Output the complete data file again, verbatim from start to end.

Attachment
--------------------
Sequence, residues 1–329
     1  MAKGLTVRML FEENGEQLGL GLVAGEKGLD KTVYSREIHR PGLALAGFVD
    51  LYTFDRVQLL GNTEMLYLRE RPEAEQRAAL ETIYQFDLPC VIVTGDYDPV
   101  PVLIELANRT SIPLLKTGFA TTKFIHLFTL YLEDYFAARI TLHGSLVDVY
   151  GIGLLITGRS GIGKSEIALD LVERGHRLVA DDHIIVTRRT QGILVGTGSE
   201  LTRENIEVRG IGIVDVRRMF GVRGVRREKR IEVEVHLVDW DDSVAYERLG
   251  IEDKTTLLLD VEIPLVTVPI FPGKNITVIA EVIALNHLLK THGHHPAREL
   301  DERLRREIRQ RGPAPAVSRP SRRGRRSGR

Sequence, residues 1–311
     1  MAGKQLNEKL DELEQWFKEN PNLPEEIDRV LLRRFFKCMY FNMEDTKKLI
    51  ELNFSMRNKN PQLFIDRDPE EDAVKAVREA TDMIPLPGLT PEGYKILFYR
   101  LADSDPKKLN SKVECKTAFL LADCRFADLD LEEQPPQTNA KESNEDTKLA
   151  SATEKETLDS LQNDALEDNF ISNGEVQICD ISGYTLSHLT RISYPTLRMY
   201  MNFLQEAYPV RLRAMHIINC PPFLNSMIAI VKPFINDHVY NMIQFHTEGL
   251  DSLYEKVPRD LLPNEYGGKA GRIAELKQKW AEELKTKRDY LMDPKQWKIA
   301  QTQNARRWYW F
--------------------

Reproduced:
Sequence, residues 1–329
     1  MAKGLTVRML FEENGEQLGL GLVAGEKGLD KTVYSREIHR PGLALAGFVD
    51  LYTFDRVQLL GNTEMLYLRE RPEAEQRAAL ETIYQFDLPC VIVTGDYDPV
   101  PVLIELANRT SIPLLKTGFA TTKFIHLFTL YLEDYFAARI TLHGSLVDVY
   151  GIGLLITGRS GIGKSEIALD LVERGHRLVA DDHIIVTRRT QGILVGTGSE
   201  LTRENIEVRG IGIVDVRRMF GVRGVRREKR IEVEVHLVDW DDSVAYERLG
   251  IEDKTTLLLD VEIPLVTVPI FPGKNITVIA EVIALNHLLK THGHHPAREL
   301  DERLRREIRQ RGPAPAVSRP SRRGRRSGR

Sequence, residues 1–311
     1  MAGKQLNEKL DELEQWFKEN PNLPEEIDRV LLRRFFKCMY FNMEDTKKLI
    51  ELNFSMRNKN PQLFIDRDPE EDAVKAVREA TDMIPLPGLT PEGYKILFYR
   101  LADSDPKKLN SKVECKTAFL LADCRFADLD LEEQPPQTNA KESNEDTKLA
   151  SATEKETLDS LQNDALEDNF ISNGEVQICD ISGYTLSHLT RISYPTLRMY
   201  MNFLQEAYPV RLRAMHIINC PPFLNSMIAI VKPFINDHVY NMIQFHTEGL
   251  DSLYEKVPRD LLPNEYGGKA GRIAELKQKW AEELKTKRDY LMDPKQWKIA
   301  QTQNARRWYW F